Directed by Jonathan Dayton and Valerie Faris (“Little Miss Sunshine”), “Sparks” is a clever little idea reminiscent of 2006’s underappreciated Will Ferrell comedy “Stranger Than Fiction.” Its problem, however, lies in Kazan’s calculated screenplay, which never materializes into anything as interesting as its initial concept. Kazan shows signs of potential, but she fluffs up Sparks instead of examining its darker elements. Until she learns naming a writer’s dog F. Scott Fitzgerald is beyond pretentious (and even more so if she is being ironic), she’ll settle somewhere in the middle of the pack where writers suffering from writer’s block isn’t necessarily a bad thing.

Julie & Julia

August 6, 2009 by  
Filed under Reviews

Starring: Meryl Streep, Amy Adams, Stanley Tucci
Directed by: Nora Ephron (“Sleepless in Seattle”)
Written by: Nora Ephron (“Sleepless in Seattle”)

Whether you’re a glutton or a light eater, it would be difficult not to enjoy what director Nora Ephron (“Sleepless in Seattle”) serves up in her double-biopic “Julia & Julia.” The film, which stars two-time Academy Award winner Meryl Streep and two-time Academy Award nominee Amy Adams, is as tasty as a French Quiche Lorraine. Who says real men don’t eat it?

In half of the film, Streep plays American chef and French cuisine mastermind Julia Child before she actually knew how to even make an omelet. We watch Streep embody Child while living in Paris in the 40s and 50s and trying to find something to do to keep her busy while her husband (Stanley Tucci) attends to his work as a foreign diplomat.

With a love of French food, Child decides to take French cooking lessons at the culinary arts school Le Cordon Bleu after hobbies like hat making and playing bridge don’t fulfill her needs. There she finds the joy of cooking and proves to her all-male class that a woman has just as much right to run a professional kitchen as a man.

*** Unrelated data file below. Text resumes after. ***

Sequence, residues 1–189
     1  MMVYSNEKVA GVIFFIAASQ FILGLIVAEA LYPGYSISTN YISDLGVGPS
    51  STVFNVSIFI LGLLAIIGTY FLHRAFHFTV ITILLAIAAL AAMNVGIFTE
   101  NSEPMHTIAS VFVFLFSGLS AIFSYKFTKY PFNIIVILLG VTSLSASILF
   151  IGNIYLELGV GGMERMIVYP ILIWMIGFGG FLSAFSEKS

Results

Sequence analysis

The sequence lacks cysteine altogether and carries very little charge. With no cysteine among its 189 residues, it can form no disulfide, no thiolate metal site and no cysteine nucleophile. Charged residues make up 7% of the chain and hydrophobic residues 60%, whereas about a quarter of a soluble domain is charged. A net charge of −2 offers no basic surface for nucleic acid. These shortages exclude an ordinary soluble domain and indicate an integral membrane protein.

Working in harmony with Child’s biography is the story of Julie Powell (Adams), an insurance claims representative who wants more out of life than her monotonous nine to five job. A fan of Child, she, too, has a fascination for food, but doesn’t realize what a fantastic cook she actually is until she challenges herself to a “deranged assignment.”

The goal: to cook all 524 recipes in Child’s first book, “Mastering the Art of French Cooking,” which we also see Child undertake in her portion of the film. Not only will Julie cook boeuf bourguignon and bouillabaisse, she will also update an online blog about her experiences while performing such a demanding feat.

While Julia’s story is much more enjoyable to the cinematic pallet than her counterpart Julie’s sometimes irritable journey, the parallels between these women’s lives are sincere offerings from Ephron. Streep once again proves why she is arguably the best actress of her generation, while Adams’ starry-eyed disposition makes her a perfect choice for Julie. If you can get past her meltdowns and focus on the melting butter in a saucepan instead, “Julie & Julia” is as delicate and satisfying as the caramelized sugar covering of a crème brulee.